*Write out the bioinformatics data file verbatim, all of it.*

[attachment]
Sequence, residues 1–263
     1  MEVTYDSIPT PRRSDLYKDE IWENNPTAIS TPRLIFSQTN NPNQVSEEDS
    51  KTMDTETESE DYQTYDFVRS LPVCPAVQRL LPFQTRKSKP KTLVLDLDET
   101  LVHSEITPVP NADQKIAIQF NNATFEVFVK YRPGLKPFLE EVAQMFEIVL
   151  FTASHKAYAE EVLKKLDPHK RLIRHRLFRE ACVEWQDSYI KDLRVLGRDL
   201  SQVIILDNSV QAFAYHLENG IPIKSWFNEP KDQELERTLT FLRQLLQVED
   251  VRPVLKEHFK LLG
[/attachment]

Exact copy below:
Sequence, residues 1–263
     1  MEVTYDSIPT PRRSDLYKDE IWENNPTAIS TPRLIFSQTN NPNQVSEEDS
    51  KTMDTETESE DYQTYDFVRS LPVCPAVQRL LPFQTRKSKP KTLVLDLDET
   101  LVHSEITPVP NADQKIAIQF NNATFEVFVK YRPGLKPFLE EVAQMFEIVL
   151  FTASHKAYAE EVLKKLDPHK RLIRHRLFRE ACVEWQDSYI KDLRVLGRDL
   201  SQVIILDNSV QAFAYHLENG IPIKSWFNEP KDQELERTLT FLRQLLQVED
   251  VRPVLKEHFK LLG